And that brings us full circle back to poetry. Homer provided illustrations to many children's poems. Here is one for John Greenleaf Whittier's, "My Playmate," published in Ballads of New England in 1870.

by: John Greenleaf Whittier (1807-1892)
    HE pines were dark on Ramoth hill,
    Their song was soft and low;
    The blossoms in the sweet May wind
    Were falling like the snow.
    The blossoms drifted at our feet,
    The orchard birds sang clear;
    The sweetest and the saddest day
    It seemed of all the year.
    For, more to me than birds or flowers,
    My playmate left her home,
    And took with her the laughing spring,
    The music and the bloom.

    Read the rest here.

Thursday, June 13, 2013

Poetry Workshops at Brewer Elementary

I spent this week with students in the summer program at Brewer Elementary in poetry workshops. I think these have been some of my favorite classes this year. The fact that they were small classes gave both me and the students more opportunity to interact and work on their poems. There are still a few spelling and grammar errors, but our focus was getting a poem on paper. I used a couple of Laura Shovan's marvelous poetry lessons from AuthorAmok. Thanks, Laura. 

These are some of my favorites from a class of rising third and fourth graders:

And these from some rising fifth graders.

 This one is a Fibonacci poem.

Friday, June 7, 2013

Crossing Genres - Fairy Tales, French Horns, and Fierce Poetry

“To move, to breathe, to fly, to float,
To gain all while you give,
To roam the roads of lands remote,
To travel is to live.”

Tabatha Yeatts hosts Poetry Friday today, so when you finish here, travel over to her place for lots more poetry.

On each Friday in May, our Friends of the Library group sponsored "Tea and Tales," a bring your own teacup musical event featuring the local university's delightful French horn professor and accompanying Russian graduate student pianist. The focus each week was musical compositions that told stories.

Yes, I took my own teacup and filled it with peach tea from the Charleston Tea Plantation, the only tea plantation in the continental U.S. I settled in with my tea and cookies, prepared to relinquish every item on my to do list and simply enjoy the music. But alas, the writer in me forced me to set my teacup on the floor beside my seat in the auditorium and dig out my notebook and pen. Ah, yes, this got me started thinking about crossing genres. Not taking up the piano again, my track record for getting the rhythm out of my fingers onto the keys was never very good, but the way ideas and themes and stories cross genres.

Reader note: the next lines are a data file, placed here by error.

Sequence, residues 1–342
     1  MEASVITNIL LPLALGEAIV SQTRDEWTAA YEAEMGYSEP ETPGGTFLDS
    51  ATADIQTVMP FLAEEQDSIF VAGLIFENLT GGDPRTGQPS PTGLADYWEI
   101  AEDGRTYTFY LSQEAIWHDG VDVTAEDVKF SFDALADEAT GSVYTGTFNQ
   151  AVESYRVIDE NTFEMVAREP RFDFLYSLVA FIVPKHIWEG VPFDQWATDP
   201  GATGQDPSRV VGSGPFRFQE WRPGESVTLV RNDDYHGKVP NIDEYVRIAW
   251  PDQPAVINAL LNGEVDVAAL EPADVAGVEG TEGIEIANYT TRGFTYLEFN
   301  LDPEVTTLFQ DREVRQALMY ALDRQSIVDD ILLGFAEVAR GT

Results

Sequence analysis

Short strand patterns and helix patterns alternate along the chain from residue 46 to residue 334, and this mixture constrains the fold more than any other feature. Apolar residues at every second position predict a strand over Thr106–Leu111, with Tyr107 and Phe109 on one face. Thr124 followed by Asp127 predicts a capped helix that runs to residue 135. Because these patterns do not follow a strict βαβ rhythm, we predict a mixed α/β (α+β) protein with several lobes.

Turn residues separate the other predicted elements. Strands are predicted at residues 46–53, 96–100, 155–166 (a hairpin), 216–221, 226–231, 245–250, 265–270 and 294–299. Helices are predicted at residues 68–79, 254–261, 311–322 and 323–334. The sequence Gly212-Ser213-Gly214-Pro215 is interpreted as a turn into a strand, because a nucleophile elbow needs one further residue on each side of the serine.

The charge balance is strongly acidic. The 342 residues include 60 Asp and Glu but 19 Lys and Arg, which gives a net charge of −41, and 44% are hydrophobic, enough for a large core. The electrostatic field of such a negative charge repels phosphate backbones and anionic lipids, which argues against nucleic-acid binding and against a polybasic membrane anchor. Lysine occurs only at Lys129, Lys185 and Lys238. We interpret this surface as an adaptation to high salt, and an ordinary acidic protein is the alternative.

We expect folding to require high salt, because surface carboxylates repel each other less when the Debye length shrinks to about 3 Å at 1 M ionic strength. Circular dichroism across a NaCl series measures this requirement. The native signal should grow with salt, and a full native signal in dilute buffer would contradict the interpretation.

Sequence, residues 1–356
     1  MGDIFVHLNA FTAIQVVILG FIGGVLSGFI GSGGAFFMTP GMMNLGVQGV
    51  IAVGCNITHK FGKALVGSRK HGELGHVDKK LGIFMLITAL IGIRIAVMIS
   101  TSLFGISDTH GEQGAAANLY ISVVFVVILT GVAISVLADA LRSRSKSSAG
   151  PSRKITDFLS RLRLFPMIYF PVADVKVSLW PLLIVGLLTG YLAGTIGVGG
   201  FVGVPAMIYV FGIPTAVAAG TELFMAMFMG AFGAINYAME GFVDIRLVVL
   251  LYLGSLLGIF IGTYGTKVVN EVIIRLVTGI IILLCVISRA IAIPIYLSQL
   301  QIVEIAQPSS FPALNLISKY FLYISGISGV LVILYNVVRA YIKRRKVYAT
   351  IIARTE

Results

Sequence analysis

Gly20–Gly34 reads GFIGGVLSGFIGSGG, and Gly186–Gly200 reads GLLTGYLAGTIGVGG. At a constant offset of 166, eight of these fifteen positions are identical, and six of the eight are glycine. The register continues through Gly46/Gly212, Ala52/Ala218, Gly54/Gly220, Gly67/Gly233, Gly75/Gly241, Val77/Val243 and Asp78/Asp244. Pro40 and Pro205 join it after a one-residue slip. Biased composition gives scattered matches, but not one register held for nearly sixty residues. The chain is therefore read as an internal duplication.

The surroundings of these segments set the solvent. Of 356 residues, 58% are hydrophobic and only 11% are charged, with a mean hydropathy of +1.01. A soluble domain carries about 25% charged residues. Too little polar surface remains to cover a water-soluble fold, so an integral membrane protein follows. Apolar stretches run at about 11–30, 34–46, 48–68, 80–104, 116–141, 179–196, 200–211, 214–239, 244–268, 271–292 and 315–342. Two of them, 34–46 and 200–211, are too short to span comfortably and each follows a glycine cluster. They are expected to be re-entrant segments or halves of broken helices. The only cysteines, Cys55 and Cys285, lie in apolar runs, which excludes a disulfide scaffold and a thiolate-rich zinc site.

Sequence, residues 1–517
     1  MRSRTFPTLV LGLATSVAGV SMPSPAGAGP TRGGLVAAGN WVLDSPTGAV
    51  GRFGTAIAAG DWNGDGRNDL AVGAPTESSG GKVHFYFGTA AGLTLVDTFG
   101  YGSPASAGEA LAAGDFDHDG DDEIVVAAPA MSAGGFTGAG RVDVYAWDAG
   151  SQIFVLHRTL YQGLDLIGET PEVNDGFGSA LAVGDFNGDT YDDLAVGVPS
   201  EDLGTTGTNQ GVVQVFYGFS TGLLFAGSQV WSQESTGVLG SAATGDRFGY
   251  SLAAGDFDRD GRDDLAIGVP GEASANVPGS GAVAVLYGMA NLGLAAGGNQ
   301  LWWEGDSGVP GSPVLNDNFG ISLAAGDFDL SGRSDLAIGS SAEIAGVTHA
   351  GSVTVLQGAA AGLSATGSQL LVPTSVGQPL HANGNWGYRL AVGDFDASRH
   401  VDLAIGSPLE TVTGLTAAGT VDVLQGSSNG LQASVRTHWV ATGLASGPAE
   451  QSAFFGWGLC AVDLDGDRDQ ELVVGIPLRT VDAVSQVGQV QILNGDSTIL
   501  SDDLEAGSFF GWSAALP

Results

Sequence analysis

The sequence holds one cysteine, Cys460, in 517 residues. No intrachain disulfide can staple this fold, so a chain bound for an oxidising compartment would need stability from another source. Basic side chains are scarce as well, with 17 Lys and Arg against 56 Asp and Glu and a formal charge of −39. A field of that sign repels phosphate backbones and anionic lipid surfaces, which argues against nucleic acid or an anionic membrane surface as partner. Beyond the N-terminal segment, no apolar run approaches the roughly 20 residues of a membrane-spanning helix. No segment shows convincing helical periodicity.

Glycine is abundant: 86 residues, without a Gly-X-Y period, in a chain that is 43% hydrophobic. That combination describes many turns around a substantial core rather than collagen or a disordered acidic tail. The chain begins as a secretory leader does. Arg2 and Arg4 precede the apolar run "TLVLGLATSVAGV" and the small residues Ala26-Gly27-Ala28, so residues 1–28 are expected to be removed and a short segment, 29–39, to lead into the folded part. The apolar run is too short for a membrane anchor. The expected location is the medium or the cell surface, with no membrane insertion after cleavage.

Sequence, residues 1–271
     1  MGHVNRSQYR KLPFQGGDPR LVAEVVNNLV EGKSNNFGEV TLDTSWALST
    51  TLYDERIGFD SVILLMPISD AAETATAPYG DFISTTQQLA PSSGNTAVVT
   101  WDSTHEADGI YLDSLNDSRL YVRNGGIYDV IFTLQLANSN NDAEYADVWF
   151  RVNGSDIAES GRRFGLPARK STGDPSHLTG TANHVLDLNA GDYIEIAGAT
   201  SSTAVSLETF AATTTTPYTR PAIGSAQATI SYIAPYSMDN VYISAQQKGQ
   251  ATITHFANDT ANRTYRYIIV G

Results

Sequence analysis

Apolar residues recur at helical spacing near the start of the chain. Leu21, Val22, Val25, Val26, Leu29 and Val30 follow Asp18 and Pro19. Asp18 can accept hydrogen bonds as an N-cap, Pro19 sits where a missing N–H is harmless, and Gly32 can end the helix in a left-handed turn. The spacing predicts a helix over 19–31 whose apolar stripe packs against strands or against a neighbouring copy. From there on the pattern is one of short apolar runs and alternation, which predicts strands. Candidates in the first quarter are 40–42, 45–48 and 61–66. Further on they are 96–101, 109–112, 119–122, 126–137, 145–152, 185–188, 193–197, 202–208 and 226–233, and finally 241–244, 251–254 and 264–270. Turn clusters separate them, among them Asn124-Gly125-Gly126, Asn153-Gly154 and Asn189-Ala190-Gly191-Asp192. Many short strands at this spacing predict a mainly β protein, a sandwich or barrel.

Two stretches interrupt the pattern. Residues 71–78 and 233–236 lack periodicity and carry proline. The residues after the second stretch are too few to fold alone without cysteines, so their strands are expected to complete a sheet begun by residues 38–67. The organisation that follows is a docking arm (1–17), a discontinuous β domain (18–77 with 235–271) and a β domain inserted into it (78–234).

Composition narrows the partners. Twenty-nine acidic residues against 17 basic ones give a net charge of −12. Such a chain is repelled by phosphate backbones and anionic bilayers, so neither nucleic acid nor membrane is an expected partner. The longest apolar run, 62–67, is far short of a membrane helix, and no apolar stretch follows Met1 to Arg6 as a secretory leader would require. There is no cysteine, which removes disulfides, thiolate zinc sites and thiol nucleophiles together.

The piece Dr. Hansen brought to us was the second movement of a chamber piece for piano and horn composed by Dennis LeClaire, called "Three Fairy Tales, for horn and piano." The second movement? Thumbelina!

Thumbeline. Illustrated by Lissbeth Zwerger. Newly Translated from the Danish by Richard and Clare Winston.
New York: William Morrow and Company, 1980.

Click this link to hear an excerpt from the piece. You'll need to scroll down the page a bit to click the play button. Listen and imagine the tiny little girl trapped on a lily pad. You can hear the horn calling out to her.

Did you know Hans Christian Andersen was a poet? I don't think I did. His fairy tale fame diminishes any remembering of a poem he might have written. But he wrote hundreds. Not many are available in English, but here is one with poetry as his subject.

The Native Land of Light

There is a lovely Land
We call it Poetry
It reaches to the Sky
You’ll find it in a Rosebud

Its a Melody of Love
Lives on its greenest, heav’nly Shore

And there the Song of Bliss
Is like each Day you know

God is near
you can feel
That God is near
And old times live there

The Wise and Noble tremble
So grand it is, so rich

A Golden Hindustan
The Home of Melody

The Holy Land, by God,
It stands when Worlds will fade away
We call it Poetry
That Native Land of Light

                     —Hans Christian Andersen
                        Translation—Per Nørgård as lyrics for a choral piece

The native land of light. I love that description of poetry. And did you notice that this translation was lyrics for a choral piece? Crossing genres again. But then, Andersen understood music, too.

“Where words fail, music speaks.” 

And Thumbelina's story is the basis of this poem by Bernadette Geyer that I leave you with.

Thumbelina’s Mother Speaks: To the Toad’s Mother

With each year’s passing, grief dilutes itself
within my body, portioned out the way
a flash flood ultimately finds a meek
abode to welcome every soiled drop.
In letting go, I learned to be a “good”
mother, the kind who disciplines herself
to think only of what’s best for her child.
Of course, that’s why you seized her for your son—
deluded as you were to think she’d stay.
The sky is never bluer than we dare
imagine it to be.

Read the rest here, then try your own poetic response to a fairy tale.